SAN JUAN, PUERTO RICO SEPTEMBER 20: Fishing boats with severe damage at Club Nautico in the San Juan Bay. Hurricane Maria passed through Puerto Rico leaving behind a path of destruction across the national territory. San Juan September 20, 2017. (Photo by Dennis M. Rivera Pichardo for The Washington Post via Getty Images)
SAN JUAN, PUERTO RICO SEPTEMBER 20: Hurricane Maria passed through Puerto Rico leaving behind a path of destruction across the national territory. San Juan September 20, 2017. (Photo by Dennis M. Rivera Pichardo for The Washington Post via Getty Images)
SAN JUAN, PUERTO RICO SEPTEMBER 20: Trees block the streets after Hurricane Maria at Escambron Beach in San Juan, Puerto Rico on September 20, 2017. (Photo by Pablo Pantoja/Anadolu Agency/Getty Images)
Men walk past damaged homes after the passage of Hurricane Maria, in San Juan, Puerto Rico, on September 20, 2017. Maria slammed into Puerto Rico on, cutting power on most of the US territory as terrified residents hunkered down in the face of the island's worst storm in living memory. After leaving a deadly trail of destruction on a string of smaller Caribbean islands, Maria made landfall on Puerto Rico's southeast coast around daybreak, packing winds of around 150mph (240kph). / AFP PHOTO / Hector RETAMAL (Photo credit should read HECTOR RETAMAL/AFP/Getty Images)
SAN JUAN, PUERTO RICO SEPTEMBER 20: Trees block the streets after Hurricane Maria at Escambron Beach in San Juan, Puerto Rico on September 20, 2017. (Photo by Pablo Pantoja/Anadolu Agency/Getty Images)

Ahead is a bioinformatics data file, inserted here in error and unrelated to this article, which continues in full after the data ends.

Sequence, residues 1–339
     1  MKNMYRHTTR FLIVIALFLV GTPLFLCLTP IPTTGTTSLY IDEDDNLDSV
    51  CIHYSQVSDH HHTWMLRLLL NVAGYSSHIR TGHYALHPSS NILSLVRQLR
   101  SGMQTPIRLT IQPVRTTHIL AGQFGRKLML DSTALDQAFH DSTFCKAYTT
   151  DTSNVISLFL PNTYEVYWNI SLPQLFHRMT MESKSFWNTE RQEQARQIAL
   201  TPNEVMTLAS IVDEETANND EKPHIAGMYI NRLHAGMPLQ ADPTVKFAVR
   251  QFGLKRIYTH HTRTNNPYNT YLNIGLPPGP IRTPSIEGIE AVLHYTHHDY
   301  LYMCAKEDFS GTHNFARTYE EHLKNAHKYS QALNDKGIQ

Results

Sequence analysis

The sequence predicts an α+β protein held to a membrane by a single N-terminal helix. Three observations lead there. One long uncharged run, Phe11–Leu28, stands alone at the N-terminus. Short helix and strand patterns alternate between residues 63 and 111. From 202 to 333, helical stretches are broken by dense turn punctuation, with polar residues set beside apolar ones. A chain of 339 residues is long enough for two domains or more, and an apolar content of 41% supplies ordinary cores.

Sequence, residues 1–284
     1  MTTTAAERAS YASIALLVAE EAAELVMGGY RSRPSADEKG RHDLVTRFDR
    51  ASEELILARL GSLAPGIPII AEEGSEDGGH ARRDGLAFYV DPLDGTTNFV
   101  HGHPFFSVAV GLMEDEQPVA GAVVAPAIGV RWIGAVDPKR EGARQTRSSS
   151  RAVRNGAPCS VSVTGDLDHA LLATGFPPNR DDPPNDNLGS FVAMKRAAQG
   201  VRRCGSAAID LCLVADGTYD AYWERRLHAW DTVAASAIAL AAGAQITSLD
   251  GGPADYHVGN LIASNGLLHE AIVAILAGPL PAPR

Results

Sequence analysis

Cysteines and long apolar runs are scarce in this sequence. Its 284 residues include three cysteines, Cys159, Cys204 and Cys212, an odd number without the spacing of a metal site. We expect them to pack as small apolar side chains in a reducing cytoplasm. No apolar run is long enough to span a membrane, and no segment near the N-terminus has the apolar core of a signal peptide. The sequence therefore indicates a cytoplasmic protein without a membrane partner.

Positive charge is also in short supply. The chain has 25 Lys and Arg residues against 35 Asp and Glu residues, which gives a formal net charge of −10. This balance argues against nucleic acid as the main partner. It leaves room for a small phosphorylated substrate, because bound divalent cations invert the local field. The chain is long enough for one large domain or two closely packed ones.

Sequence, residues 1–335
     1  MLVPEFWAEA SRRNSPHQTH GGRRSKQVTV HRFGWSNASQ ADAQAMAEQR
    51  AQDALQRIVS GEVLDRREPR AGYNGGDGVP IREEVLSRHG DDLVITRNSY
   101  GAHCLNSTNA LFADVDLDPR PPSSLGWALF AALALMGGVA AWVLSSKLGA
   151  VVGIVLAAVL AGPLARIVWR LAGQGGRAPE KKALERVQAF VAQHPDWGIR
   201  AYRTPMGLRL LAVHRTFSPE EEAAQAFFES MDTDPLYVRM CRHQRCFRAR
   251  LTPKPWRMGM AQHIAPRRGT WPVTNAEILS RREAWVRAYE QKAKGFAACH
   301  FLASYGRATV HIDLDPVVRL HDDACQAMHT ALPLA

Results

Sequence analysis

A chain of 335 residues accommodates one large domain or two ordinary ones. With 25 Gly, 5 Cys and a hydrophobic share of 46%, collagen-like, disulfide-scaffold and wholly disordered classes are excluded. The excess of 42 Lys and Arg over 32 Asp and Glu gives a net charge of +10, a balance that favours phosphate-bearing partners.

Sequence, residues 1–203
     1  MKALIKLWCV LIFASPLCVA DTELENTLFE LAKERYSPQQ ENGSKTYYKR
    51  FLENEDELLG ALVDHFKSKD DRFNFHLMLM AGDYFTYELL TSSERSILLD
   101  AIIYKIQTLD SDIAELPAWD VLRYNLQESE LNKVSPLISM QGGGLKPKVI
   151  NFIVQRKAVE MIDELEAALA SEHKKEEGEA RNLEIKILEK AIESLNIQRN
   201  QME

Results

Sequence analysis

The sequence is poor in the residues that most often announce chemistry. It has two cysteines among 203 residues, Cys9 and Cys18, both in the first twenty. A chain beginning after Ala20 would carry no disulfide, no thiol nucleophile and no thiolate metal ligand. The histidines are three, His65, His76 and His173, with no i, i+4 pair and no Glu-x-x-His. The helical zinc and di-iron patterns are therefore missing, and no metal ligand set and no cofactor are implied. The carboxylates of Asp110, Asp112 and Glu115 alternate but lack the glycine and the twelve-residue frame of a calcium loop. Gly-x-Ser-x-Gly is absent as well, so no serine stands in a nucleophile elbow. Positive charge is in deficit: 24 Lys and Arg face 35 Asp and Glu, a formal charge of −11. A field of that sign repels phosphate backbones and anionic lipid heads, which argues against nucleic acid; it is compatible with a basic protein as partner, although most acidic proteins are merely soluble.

SAN JUAN, PUERTO RICO SEPTEMBER 20: A local shop sustained damages after Hurricane Maria at Ponce de Leon Street in San Juan, Puerto Rico on September 20, 2017. (Photo by Pablo Pantoja/Anadolu Agency/Getty Images)
A man looks for valuables in the damaged house of a relative after the area was hit by Hurricane Maria in Guayama, Puerto Rico September 20, 2017. REUTERS/Carlos Garcia Rawlins TPX IMAGES OF THE DAY
SAN JUAN, PUERTO RICO SEPTEMBER 20: Trees block the streets after Hurricane Maria at Escambron Beach in San Juan, Puerto Rico on September 20, 2017. (Photo by Pablo Pantoja/Anadolu Agency/Getty Images)
Damaged electrical installations are seen after the area was hit by Hurricane Maria en Guayama, Puerto Rico September 20, 2017. REUTERS/Carlos Garcia Rawlins
A man walks close to damaged houses after the area was hit by Hurricane Maria in Guayama, Puerto Rico September 20, 2017. REUTERS/Carlos Garcia Rawlins
Agapito Lopez looks at the damage in his house after the area was hit by Hurricane Maria in Guayama, Puerto Rico September 20, 2017. REUTERS/Carlos Garcia Rawlins